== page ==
Polymers

Research

Polymers
Image: Anne Günther (University of Jena)

Our research interests are primarily in the field of organic and polymer chemistry andinvolve the synthesis, characterization and evaluation of fluorophore, smalltherapeutically active molecules and chemically defined carriers, nanomedicine andbiosensing. Examples include ultrastable NIR absorbing rylene dyes for site-selectivelabeling of proteins in living cells, pharmaceutical carriers for immunoassays of cancer andbioorthogonal modification of therapeutic peptides and proteins

 

Guanidinium containing polymers

Our work is focused on the design of positively charged polymethacryamide based carriersthat are applied for the delivery of DNA or siRNA. In addition to the influence of themonomers, we also investigate the advantages and disadvantages of the incorporation ofhydrophobic and cationic monomers, their arrangement in linear polymers (statistical,gradient, block-shaped) with regard to their binding affinity, transfection efficiency, thecondensation efficiency of DNA and as well as the size of the resulting polyplexes.

Polymer DNA Image: Kalina Peneva

 

Photostable chromophore for biological and medical applications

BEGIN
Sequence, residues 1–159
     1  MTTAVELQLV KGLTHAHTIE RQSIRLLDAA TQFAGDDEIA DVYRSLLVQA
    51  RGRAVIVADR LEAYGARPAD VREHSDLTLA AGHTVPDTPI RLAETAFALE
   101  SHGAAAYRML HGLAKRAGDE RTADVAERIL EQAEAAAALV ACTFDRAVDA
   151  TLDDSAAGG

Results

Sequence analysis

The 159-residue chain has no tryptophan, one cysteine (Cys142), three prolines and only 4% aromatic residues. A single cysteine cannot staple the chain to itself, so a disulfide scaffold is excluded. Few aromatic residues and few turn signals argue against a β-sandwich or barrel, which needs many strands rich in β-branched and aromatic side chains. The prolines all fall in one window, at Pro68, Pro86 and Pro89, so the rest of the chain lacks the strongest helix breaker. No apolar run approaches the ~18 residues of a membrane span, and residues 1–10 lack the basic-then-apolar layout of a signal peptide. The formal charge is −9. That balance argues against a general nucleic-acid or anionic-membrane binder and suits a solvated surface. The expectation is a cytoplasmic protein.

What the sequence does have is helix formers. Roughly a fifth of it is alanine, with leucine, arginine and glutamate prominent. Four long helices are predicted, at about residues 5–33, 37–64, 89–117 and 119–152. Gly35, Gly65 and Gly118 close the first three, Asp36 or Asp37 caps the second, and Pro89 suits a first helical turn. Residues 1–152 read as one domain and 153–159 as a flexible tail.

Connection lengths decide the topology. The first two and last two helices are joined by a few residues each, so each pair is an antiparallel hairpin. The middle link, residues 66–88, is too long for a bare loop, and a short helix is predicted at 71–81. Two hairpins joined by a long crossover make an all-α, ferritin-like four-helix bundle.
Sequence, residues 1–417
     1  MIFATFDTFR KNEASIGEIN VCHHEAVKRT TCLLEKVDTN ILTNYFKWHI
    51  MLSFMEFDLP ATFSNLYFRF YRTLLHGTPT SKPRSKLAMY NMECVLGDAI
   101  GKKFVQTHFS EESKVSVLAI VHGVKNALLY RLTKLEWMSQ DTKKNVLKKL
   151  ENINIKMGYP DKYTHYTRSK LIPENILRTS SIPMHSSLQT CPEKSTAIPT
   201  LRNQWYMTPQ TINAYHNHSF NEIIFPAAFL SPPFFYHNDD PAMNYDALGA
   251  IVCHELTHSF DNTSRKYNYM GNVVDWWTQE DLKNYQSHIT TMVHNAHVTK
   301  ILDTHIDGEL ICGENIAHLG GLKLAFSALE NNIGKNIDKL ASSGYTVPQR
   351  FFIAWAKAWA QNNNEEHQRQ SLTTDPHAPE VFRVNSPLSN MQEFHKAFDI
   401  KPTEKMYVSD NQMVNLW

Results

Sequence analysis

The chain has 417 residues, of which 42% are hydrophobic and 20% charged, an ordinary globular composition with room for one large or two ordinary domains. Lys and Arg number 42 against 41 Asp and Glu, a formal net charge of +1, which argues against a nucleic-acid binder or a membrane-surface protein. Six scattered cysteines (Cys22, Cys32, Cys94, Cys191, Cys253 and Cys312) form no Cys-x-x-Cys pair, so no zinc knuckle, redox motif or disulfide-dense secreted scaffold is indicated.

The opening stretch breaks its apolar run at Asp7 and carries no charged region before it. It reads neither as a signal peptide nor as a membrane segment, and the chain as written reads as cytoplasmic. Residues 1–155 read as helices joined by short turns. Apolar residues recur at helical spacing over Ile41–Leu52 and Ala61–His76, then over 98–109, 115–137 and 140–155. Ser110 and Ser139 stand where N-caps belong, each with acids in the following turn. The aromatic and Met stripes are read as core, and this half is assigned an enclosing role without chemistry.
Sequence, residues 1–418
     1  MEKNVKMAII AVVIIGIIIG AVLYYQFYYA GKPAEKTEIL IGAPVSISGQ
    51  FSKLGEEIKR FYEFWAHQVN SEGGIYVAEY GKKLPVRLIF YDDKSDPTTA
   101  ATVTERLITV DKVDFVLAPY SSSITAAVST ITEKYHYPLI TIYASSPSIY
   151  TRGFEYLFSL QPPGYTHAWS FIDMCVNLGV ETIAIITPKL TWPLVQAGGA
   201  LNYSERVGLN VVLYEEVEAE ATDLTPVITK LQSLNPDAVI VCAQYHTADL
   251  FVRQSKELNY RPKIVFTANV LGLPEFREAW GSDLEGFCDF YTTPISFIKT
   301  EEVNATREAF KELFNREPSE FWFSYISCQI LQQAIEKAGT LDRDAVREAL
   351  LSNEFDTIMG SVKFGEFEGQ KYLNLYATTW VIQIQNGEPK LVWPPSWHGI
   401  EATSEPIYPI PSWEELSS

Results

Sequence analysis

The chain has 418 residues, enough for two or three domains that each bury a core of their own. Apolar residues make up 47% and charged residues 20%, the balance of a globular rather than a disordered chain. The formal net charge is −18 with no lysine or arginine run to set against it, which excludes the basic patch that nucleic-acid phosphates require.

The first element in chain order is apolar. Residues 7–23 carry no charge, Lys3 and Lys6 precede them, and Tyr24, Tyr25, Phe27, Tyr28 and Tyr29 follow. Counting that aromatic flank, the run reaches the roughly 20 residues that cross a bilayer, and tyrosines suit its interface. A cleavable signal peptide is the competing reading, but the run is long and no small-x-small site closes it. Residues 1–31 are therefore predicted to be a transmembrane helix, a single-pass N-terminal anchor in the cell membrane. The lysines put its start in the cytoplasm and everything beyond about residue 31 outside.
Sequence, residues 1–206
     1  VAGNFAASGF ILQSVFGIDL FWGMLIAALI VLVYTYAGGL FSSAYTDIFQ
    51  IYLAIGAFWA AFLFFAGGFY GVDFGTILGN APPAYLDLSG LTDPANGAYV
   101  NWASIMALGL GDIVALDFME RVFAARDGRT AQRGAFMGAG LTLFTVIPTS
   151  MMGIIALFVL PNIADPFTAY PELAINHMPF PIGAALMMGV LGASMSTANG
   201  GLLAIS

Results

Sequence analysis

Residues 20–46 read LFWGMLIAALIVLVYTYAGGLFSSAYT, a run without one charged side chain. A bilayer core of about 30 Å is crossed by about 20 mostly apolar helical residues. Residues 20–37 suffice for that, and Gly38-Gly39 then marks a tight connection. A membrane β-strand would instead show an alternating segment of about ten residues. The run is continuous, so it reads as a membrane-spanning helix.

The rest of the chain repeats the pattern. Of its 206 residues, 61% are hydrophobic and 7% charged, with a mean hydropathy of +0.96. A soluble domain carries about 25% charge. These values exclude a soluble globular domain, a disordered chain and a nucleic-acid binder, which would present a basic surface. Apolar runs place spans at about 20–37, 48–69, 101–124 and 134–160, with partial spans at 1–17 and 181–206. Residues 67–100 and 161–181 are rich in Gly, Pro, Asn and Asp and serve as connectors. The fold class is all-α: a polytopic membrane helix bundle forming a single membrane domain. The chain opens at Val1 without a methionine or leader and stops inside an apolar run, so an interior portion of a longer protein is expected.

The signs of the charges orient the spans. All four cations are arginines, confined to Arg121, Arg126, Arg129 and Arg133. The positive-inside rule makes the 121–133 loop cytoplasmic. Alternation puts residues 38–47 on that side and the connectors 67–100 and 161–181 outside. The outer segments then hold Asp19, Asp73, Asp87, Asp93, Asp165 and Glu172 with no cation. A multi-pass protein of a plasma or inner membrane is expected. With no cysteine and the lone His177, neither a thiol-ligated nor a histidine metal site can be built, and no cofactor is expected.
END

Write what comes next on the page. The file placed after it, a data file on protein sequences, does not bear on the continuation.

One commonly used method capable of untangling the internalization pathway that drugcarriers take inside the cell is near infrared (NIR) fluorescence imaging. However the qualityand reproducibility of the data recorded with this technique are strictly dependent on thephotophysical properties of fluorescent dyes used as reporters. Recently, we introduced afacile preparation method for NIR absorbing perylene monoimide that are highlybiocompatible. Fluorescence microscopy imaging in living and fixed cells stained with thesechromophores demonstrate exceptional photostability and efficient subcellular targetingusing small chemical groups such as triphenylphosphine.

Dyes picture Image: Anne Günther (University of Jena)

 

Photosensitizers for photocatalytic water splitting

We are working on the design of tailored rylene photosensitizers with broad visible lightabsorption, capable of transferring electrons to catalytically active sites. Chemicalfunctionalization of the rylene scaffold is used to enable coupling of the chromophores tocatalytic units, for soft matter integration and to tune the redox potentials of the dye toachieve efficient electron transfer to the catalytic center as well as to mediate its solubility.Photophysical investigation of the photosensitizers and coupled photosensitizers-catalystsystems provides a deeper understanding of the electron transfer processes as well asdeactivation and degradation pathways to identify general design guidelines for novelphotosensitizers for hydrogen reduction.

Perylenes and Dyads Image: Labartory
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